Victoria has taken the title as the biggest building hotspot, according the Housing Industry Association (HIA).
According to HIA’s Population and Residential Building Hotspots report released today, Victoria surpassed the nation’s other states and territories as population growth exceeded the national rate of 2.1 per cent and the value of residential building work approved exceeded $100 million for the 2008/09 financial year.
In the suburb of Whittlesea North, Victoria, residential building work approved rose to over $484 million and the population growth rate was 18.3 per cent.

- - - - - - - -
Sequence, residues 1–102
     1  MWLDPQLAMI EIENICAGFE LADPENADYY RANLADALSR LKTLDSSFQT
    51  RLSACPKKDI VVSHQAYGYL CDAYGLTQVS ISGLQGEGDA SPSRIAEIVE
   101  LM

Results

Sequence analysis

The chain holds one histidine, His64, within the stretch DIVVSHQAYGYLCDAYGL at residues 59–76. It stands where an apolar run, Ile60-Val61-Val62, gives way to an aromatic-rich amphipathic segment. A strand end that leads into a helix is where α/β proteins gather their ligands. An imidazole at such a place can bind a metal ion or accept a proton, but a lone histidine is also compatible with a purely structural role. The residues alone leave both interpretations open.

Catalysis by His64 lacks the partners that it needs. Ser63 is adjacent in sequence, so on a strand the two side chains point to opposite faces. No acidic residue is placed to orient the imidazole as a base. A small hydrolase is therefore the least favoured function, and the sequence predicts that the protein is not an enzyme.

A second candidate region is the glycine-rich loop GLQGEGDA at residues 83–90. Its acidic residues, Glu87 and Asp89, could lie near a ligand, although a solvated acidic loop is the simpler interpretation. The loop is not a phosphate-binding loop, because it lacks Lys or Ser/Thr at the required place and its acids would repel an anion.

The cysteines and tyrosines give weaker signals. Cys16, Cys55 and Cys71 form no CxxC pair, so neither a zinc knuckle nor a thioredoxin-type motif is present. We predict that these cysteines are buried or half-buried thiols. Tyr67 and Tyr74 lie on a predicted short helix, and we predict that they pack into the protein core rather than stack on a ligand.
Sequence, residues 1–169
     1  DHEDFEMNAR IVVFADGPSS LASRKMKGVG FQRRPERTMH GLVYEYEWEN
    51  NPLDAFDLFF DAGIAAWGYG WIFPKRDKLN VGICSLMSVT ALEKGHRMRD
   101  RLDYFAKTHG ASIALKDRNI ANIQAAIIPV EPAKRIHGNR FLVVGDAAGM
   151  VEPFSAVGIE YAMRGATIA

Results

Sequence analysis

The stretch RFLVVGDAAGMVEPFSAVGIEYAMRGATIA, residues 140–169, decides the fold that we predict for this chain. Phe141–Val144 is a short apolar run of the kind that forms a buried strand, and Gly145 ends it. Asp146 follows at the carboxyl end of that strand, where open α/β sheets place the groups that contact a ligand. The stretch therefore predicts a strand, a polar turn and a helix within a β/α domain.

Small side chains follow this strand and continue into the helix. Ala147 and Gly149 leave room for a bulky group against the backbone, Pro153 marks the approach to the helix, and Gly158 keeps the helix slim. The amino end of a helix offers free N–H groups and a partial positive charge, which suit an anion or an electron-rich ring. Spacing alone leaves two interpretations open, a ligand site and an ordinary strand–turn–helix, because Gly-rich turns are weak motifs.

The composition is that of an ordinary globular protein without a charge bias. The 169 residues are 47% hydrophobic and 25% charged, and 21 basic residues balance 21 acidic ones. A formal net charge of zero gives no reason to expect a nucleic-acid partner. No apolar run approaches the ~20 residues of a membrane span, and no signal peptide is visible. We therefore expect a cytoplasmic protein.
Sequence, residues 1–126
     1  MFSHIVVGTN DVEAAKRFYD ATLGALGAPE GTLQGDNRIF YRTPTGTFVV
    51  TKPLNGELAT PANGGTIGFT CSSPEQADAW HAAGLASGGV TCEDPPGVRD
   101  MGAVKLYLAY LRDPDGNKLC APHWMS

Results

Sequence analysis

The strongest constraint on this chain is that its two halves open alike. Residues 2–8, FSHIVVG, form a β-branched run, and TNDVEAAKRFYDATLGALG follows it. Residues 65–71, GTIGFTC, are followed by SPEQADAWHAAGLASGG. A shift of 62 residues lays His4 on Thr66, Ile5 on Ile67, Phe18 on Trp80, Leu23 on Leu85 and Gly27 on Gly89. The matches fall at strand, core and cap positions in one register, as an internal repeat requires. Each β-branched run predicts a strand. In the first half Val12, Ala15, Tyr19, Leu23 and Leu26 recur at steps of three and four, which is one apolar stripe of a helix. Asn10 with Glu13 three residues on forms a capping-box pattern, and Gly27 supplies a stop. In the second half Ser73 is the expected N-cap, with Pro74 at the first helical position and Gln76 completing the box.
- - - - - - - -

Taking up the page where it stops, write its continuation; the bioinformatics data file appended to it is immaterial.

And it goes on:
South – one of Victoria’s fastest growing cities – showed work value of reaching almost $284 million and the population growth rate was 12.8 per cent.
HIA chief economist Dr Harley Dale said the 2008/09 financial year was a “very challenging” one for Australia’s new home builders and renovators, due to a sharp fall in new home starts and a moderation in renovations activity.
“At the same time, Australia’s population was growing at a historically fast 2.1 per cent pace,” Dr Dale said.
“Last year, there were 58 local area hotspots across Australia’s states and territories and these areas have experienced healthy new home building and renovations activity in 2009/10,” he said.
Other areas posting strong building activity in the 2008/09 financial year included Griffin-Mango Hill in Queensland ($149.9 million), Cardinia/Pakenham in Victoria ($241.5 million) and Wanneroo in North-East Western Australia ($163 million).
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